Pro­posed project could draw big-name con­certs, but cost the mu­nic­i­pal­ity $1 mil­lion

StarMetro Halifax - - FRONT PAGE - ZANE WOOD­FORD

Pro­posed fa­cil­ity could bring big name con­certs — but would cost Hal­i­fax tax­pay­ers $1 mil­lion

A pro­posed per­form­ing arts cen­tre could bring in the kind of con­certs Hal­i­fax is al­ways miss­ing, but it would cost mu­nic­i­pal tax­pay­ers $1 mil­lion.

The LINK Per­form­ing Art Cen­tre project would oc­cupy 84,000 square feet of the for­mer World Trade and Con­ven­tion Cen­tre. Re­placed last year by the new Hal­i­fax Con­ven­tion Cen­tre, it’s the build­ing across Argyle St. from Hal­i­fax City Hall now owned by Armco Cap­i­tal, best known lately as the de­vel­oper be­hind the Wil­low Tree project.

The plan is to cre­ate a mul­ti­dis­ci­plinary per­for­mance hall that holds 1,800 peo­ple, a me­dia and vir­tual re­al­ity pro­duc­tion stu­dio with of­fices and sup­port space, two dance stu­dios, a 160seat cin­ema, a café fronting on Argyle St., plus of­fice space for cul­tural non-prof­its and star­tups.

The en­tire project, set to be com­plete by spring 2020, would cost al­most $13 mil­lion. More than $5 mil­lion in fund­ing is ex­pected from the fed­eral gov­ern­ment, along with about $4.5 mil­lion from pro­vin­cial gov­ern­ment.

Hal­i­fax was be­ing asked for as much as $1.3 mil­lion. The lat­est pro­posal is for a $1-mil­lion con­tri­bu­tion from the mu­nic­i­pal­ity. The money would come from the gen­eral con­tin­gency re­serve, which is es­sen­tially the mu­nic­i­pal­ity’s sav­ings ac­count.

Coun­cil’s com­mu­nity plan­ning and eco­nomic de­vel­op­ment com­mit­tee held a spe­cial meet­ing on Thurs­day to con­sider the pro­posal. The com­mit­tee rec­om­mended unan­i­mously in favour of grant­ing $1 mil­lion to the non­profit par­tially be­hind it, the Link Per­form­ing Arts So­ci­ety. Next, it heads to coun­cil’s au­dit and fi­nance stand­ing com­mit­tee,

likely next week, and then to re­gional coun­cil for a fi­nal de­ci­sion, likely some­time in De­cem­ber.

“It’s a tough time to come in here with a bud­get re­quest right after our bud­get meet­ing that was so con­tentious,” Coun. Waye Ma­son said dur­ing the meet­ing.

“I feel re­ally good about this work­ing though. I feel like this is an ex­e­cutable project.”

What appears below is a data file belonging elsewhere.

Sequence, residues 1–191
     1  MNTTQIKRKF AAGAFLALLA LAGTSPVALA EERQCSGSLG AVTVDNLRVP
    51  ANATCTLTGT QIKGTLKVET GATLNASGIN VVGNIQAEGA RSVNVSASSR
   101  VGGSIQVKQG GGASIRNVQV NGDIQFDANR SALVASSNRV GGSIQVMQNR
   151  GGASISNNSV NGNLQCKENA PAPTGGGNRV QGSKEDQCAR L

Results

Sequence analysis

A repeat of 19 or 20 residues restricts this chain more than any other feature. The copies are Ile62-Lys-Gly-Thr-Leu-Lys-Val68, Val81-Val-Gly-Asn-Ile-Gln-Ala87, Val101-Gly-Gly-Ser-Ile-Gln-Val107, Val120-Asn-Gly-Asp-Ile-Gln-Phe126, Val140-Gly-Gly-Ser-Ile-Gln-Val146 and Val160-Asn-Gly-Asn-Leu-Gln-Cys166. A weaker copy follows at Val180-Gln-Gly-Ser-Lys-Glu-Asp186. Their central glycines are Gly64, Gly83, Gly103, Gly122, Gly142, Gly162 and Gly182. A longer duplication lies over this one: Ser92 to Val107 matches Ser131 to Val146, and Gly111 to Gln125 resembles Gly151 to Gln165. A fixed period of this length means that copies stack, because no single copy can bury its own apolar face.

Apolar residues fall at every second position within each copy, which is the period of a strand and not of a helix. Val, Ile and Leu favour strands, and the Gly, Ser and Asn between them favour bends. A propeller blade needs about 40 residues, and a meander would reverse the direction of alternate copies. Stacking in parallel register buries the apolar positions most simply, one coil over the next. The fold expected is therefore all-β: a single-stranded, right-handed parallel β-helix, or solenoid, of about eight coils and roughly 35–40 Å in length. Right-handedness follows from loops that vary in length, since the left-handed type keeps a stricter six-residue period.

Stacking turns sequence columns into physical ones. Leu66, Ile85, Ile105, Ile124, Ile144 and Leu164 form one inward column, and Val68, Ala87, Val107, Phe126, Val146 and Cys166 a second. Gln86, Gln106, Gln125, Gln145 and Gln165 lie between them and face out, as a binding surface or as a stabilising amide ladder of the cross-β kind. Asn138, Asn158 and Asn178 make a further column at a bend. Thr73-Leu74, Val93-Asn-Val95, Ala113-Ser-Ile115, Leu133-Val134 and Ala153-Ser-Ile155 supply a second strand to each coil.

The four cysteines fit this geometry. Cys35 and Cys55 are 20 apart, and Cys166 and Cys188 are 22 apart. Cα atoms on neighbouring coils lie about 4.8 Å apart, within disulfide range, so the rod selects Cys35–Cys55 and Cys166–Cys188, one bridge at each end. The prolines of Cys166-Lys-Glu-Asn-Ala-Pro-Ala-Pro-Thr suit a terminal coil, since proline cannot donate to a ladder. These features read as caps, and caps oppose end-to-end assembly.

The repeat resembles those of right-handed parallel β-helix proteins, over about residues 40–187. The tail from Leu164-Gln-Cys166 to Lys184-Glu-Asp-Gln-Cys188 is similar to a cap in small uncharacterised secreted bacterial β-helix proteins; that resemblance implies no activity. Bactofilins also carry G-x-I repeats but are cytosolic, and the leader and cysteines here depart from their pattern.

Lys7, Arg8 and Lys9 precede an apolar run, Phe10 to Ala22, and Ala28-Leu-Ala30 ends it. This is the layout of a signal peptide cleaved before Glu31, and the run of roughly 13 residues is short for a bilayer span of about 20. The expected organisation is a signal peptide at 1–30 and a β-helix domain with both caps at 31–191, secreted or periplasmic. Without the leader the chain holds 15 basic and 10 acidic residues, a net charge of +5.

Ma­son, who used to work in the con­cert busi­ness and taught a mu­sic busi­ness pro­gram at the Nova Sco­tia Com­mu­nity Col­lege, said the per­for­mance hall in the space could mean that big names who typ­i­cally skip Nova Sco­tia might start stop­ping here.

“Right now, there are no venues that are pur­pose-built as venues for con­certs,” Ma­son told re­porters after the meet­ing.

“When you rent a space like the Fo­rum Mul­ti­pur­pose Room, you have to bring in a stage, and bring in a light­ing truss, and hook up the lights, have an elec­tri­cian con­nect you to the power grid, bring in the PA, and bring in all the bar­ri­ers.”

In a city like Mon­treal, where Ma­son said gov­ern­ments have in­vested in this kind of space, those things come with the venue.

“So, the cost of the same show

be­ing done in Hal­i­fax in the Mul­ti­pur­pose Room ver­sus the same show be­ing done in Mon­treal, the artist is mak­ing $6,000 less than they would in Mon­treal, after 14 hours driv­ing to get here,” he said.

“I think if we have that venue, that means there’ll be more money on the of­fers. We’ll see more bands come here.”

Mu­nic­i­pal cul­ture and events man­ager El­iz­a­beth Tay­lor made sim­i­lar com­ments.

“For a lot of mu­si­cal per­for­mances, an 1,800 to 2,000-seat space is seen as a real need in this city,” she told the com­mit­tee. “A lot of pro­mot­ers by­pass Hal­i­fax be­cause we don’t have this amount of seat­ing.”



Marc Al­mon and his busi­ness part­ner Rob Power (not pic­tured) have big ideas for the WTCC space.


An ar­chi­tec­tural ren­der­ing of the ex­te­rior of the pro­posed Link Per­form­ing Arts Cen­tre in Hal­i­fax, as seen from the cor­ner of Argyle St. and Carmichael St. The en­tire 84,000-square-foot project, set to be com­plete by Spring 2020, would cost al­most $13 mil­lion.

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